Seumas Milne writing in The Guardian today had an excellent piece on “how the US fuelled the rise of Isis in Syria and Iraq.” It followed the collapse of a trial at the Old Bailey when it emerged that the individual accused of terrorist activities in Syria had been working with a group armed and supported by UK intelligence agencies. Milne also highlights the role of the gulf states and points out that the, “western habit of playing with jihadi groups, which then come back to bite them, goes back at least to the 1980s war against the Soviet Union in Afghanistan, which fostered the original al-Qaida under CIA tutelage.”
The sad truth is that whilst none of this will be surprising to anyone who seeks to be informed about what is happening, these catastrophic failures will cause not even a flicker of concern to Cameron and the supposed “realists” who are responsible for managing the UK’s blundering incompetence in the region. Labour is either too scared of reopening the wounds of its Blairite past or too busy with domestic priorities. The BBC has been cowed and will ask no serious questions. Channel 4 and The Guardian can be ignored. The real costs in terms of lives lost or destroyed, and in terms of increased threats to our own security, will be conveniently glossed over.
In a sense this is also a failure of the human rights sector in the UK. Amnesty International grew and became successful during the Cold War period by taking a scrupulously non-political approach. The legacy has been a nervousness about joining the political dots. And few politicians are willing to speak about our own role in fomenting extremism for fear of being branded soft on terrorism.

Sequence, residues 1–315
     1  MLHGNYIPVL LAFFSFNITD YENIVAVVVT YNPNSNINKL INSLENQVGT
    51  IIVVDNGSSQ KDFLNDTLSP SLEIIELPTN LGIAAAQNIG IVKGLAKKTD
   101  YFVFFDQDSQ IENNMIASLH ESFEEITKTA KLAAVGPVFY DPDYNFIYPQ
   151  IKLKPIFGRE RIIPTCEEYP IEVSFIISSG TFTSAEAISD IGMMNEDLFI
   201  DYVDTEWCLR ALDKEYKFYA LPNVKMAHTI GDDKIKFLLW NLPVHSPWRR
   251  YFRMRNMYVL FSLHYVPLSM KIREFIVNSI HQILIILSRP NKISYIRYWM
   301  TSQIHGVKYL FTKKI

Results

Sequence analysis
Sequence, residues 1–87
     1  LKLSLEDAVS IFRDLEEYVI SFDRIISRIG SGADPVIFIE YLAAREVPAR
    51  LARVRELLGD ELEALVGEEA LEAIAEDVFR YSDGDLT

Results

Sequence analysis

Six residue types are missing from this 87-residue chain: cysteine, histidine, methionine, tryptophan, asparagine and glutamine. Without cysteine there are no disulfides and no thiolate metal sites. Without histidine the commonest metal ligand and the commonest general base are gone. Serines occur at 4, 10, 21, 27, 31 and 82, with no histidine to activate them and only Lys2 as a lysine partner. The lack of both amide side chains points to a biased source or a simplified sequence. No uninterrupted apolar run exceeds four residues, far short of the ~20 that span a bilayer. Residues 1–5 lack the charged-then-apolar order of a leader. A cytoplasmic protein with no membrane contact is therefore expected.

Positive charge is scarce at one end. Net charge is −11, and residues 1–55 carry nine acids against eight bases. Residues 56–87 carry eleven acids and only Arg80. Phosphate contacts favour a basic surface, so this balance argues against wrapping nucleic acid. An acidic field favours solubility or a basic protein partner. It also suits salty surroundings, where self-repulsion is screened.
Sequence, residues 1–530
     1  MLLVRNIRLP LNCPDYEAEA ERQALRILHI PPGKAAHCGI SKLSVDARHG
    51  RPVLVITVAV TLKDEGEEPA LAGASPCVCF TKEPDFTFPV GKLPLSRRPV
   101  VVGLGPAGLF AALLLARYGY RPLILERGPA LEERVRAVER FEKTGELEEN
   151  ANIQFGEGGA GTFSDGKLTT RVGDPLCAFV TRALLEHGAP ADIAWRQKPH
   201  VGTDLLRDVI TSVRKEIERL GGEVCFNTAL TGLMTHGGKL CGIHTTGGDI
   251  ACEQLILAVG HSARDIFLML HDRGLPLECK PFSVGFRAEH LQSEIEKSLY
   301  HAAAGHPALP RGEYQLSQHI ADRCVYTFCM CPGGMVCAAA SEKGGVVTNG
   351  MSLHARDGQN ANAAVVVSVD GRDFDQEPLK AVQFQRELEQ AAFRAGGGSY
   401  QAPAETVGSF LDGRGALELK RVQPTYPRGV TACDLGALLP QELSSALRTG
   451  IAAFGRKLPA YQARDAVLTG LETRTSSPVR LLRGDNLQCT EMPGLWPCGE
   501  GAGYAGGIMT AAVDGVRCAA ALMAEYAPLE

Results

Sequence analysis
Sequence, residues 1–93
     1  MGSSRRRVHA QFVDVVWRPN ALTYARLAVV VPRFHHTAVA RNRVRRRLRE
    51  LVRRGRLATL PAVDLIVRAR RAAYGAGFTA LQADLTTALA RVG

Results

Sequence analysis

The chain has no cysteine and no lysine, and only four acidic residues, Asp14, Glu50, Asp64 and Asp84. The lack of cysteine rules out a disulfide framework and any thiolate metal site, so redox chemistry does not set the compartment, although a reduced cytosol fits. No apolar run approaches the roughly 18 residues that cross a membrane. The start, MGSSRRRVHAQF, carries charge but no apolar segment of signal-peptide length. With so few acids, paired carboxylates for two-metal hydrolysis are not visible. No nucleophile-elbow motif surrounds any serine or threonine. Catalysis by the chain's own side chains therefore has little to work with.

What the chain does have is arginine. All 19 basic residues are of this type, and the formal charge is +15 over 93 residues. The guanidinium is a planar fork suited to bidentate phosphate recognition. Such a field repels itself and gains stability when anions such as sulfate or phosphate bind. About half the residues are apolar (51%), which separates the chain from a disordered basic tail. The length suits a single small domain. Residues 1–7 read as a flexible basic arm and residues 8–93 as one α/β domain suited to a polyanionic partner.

Some of it is perhaps deeper in the culture. The UK never came to terms with or accepted responsibility for the crimes of empire. WW2 has been so glorified because it creates a sense of moral destiny that banishes inconvenient truths to the shadows. The establishment protects its own. The media and much of politics is in hock to a small circle of right-wing billionaires. The BBC has always been a state or establishment broadcaster, but was brought further to heel over Iraq & the sexed up dossier. And the list goes on…
There are of course no easy answers to ISIS. At the end of the day the people of Iraq and Syria will have to find their own way out of the bloody mess, even if outside forces have played a major role in bringing abut the current catastrophe. One small step forward would be for the UK to start to have an honest reflection about its corrupt alliance with the brutal, misogynist, extremist funding and exporting regime in Saudi Arabia. We might not be able to put out the fires we have helped to start, but we could at least stop fanning the flames.